The international construction industry issues

The construction industry as viewed from the International perspective has grown so huge that the energy (fuel and electricity) consumed by this Industrial sector amounts to around twenty percent of the total energy consumption of the world. All other resources utilized by construction Is a staggering fifty percent of the total resource output of the entire world. Historically, the construction Industry has been the base of the global economy as an offshoot of a well-established agricultural economy of the ancients.

This is evident from the Pyramids of Gaza, the Forbidden Temple in Beijing, the Hanging Gardens of Babylon, the Angora Watt, the mountain top cities of Peru, Mexico and Bolivia, and all the roads that lead to Rome. From this perspective, it lead to the establishment of new world centers of development due to the coming of the industrial age, creating new economic superpowers in Europe and eventually spilling-over to the new world, central Asia and the middle east.

Although in these periods, international development due to the construction industry has not been fully realized, until near the end of the 20th century where territorial mandarins were transcended by trade due to the opening up of world markets to the International community. In the past, the construction Industry has Limited Itself to terrestrial applications, Including not only above-ground, but subterranean structures as well, that are presently composed of, but are not limited to, several major sectors namely, residential, commercial, heavy civil works, industrial and environmental.

Further progress have made it possible that the Industry concerns itself also with amphibious and off-shore applications, and now, more than ever, has renascence the limits of gravity (which is for that matter the very basis of most engineering and architectural pursuits), to extra-terrestrial purposes. Satellites, space stations and as predicted, within this century, a full-scale construction endeavor for the Mars mission, are now, to a great extent, the endeavor of the Industry.

As such, the International construction Industry has come up as a basis for determining not only the economic performance of a particular country but the global economy as a whole. The international macroeconomic environment and consumer trends impacts the construction industry and vice versa. This is true since transformed itself to a heterogeneous one on partnership with other industries like real estate, commerce, mining and manufacturing while maintaining its core business in infrastructure.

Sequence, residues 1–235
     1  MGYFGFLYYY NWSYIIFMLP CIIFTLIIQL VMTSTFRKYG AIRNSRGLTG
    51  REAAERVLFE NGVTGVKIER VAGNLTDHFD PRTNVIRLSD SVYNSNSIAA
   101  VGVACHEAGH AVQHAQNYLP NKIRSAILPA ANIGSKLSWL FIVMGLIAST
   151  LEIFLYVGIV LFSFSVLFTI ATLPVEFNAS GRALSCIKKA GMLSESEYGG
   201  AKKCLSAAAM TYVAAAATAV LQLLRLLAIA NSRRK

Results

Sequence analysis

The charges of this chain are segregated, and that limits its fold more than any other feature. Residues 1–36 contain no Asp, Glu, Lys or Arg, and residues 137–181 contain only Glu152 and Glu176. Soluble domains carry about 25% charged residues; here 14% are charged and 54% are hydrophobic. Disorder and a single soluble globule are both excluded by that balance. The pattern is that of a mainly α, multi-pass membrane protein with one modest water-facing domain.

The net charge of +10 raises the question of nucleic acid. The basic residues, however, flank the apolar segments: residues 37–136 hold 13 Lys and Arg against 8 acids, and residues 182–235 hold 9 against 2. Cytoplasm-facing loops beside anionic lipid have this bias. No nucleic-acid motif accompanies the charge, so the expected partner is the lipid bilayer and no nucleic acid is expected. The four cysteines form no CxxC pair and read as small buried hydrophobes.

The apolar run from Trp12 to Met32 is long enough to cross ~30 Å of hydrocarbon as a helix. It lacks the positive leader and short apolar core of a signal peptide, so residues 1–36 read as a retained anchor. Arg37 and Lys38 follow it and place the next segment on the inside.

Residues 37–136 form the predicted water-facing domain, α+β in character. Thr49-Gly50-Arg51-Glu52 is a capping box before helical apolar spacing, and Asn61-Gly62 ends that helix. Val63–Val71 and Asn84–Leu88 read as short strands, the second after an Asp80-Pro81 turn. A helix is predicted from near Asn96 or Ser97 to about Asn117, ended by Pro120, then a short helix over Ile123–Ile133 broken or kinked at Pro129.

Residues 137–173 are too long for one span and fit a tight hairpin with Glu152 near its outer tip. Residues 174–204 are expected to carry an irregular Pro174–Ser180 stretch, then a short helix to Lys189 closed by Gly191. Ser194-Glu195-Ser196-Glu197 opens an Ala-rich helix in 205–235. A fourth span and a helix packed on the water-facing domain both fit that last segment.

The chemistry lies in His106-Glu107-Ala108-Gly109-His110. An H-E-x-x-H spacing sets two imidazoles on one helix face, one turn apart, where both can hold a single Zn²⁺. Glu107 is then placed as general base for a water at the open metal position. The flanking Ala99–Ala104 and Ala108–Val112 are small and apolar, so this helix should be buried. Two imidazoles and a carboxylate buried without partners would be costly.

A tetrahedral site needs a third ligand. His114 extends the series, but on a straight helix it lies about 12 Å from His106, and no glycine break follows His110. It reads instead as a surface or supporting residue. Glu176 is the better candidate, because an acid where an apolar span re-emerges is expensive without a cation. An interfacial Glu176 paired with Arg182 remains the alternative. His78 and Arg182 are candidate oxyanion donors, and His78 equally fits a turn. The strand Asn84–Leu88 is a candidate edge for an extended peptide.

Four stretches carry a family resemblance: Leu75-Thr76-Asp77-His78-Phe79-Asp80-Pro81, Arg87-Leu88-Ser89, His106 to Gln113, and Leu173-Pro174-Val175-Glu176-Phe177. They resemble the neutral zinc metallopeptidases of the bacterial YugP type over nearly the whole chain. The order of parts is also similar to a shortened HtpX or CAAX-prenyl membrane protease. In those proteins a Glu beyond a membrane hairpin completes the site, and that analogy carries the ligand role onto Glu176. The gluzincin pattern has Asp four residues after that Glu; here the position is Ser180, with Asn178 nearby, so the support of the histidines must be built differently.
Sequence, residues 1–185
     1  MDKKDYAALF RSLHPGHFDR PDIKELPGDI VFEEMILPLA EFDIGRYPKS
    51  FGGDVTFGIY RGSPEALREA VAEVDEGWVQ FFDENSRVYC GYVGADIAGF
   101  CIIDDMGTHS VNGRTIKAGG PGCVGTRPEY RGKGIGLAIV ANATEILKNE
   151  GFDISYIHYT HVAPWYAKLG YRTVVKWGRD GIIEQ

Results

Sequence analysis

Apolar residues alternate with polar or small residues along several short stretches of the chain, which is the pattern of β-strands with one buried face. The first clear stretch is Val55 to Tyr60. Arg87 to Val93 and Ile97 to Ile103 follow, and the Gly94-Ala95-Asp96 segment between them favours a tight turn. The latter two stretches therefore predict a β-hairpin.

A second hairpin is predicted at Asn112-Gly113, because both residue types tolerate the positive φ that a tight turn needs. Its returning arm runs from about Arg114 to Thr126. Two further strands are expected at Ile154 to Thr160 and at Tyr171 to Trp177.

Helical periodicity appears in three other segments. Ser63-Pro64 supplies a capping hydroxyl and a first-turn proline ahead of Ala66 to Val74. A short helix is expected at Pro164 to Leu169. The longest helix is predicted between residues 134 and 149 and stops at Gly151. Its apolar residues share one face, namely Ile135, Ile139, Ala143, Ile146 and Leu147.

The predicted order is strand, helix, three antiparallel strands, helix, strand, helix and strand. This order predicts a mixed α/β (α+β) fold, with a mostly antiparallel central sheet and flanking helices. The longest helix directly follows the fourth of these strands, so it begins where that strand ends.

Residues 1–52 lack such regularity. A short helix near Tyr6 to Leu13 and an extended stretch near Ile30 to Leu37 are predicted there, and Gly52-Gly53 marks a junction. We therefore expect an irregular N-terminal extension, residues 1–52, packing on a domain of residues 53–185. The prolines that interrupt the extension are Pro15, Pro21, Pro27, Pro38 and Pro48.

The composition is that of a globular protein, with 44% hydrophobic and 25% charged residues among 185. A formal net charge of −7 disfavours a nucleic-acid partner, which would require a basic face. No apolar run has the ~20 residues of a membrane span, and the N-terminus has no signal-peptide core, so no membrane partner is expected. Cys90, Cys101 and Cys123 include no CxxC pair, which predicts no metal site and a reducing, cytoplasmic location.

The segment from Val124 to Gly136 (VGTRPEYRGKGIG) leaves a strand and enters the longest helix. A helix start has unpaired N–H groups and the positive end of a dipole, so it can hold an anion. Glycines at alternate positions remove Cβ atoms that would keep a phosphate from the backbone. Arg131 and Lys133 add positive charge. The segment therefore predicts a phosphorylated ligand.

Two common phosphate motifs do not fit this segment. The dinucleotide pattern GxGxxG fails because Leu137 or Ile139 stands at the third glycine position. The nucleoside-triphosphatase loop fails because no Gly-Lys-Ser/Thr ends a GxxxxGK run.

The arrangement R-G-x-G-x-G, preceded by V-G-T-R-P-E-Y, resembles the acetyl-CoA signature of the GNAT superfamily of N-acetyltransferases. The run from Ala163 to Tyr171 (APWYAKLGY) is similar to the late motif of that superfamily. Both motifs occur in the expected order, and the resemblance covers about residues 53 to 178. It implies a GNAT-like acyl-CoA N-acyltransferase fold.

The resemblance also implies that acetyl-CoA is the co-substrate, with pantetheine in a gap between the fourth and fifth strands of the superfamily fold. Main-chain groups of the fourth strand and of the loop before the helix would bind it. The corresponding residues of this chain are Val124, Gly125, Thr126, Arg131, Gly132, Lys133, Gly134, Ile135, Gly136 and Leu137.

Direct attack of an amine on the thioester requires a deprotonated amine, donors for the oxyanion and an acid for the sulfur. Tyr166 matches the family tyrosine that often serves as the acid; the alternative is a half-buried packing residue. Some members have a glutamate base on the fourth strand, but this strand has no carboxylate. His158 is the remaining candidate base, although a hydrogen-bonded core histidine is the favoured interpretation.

It is expected that over the next decade, the international construction industry will grow by leaps and bounds especially in emerging economies of Asia, Middle East, Latin America, Africa and Eastern Europe. This expectation comes from globalization, arbitration and the burgeoning of new centers of development. The construction output from these fast growing markets is expected to double within this decade and will emerge as a $6. 7 trillion business by 2020.

The world economy and the domestic economies from where local and international players in the construction industry operates have always been a determinant of the growth, scope and extent of the industry as a whole. While construction projects had stalled during the economic slump from 2007 to 2009, this did not have a general effect on the international construction industry as a whole. During this downturn period, the deleterious economic impact had been upset by the rapid growth of the emerging economies, pulling away from their developed underpants.

While most developed countries in North America and Europe try to manage the effects of the crisis in bailing out most financial institutions to avert the escalation of the crisis, most emerging economies in South America, Africa, Asia and Middle East, induced stimulus programs directed mostly at the construction sector to boost the economy. In Brazil, the upsurge in population required their government to allocate much of their resources to housing and energy. Indian’s focus on urban renewal, transport development and energy made it the third largest construction arrest in the world during the same period.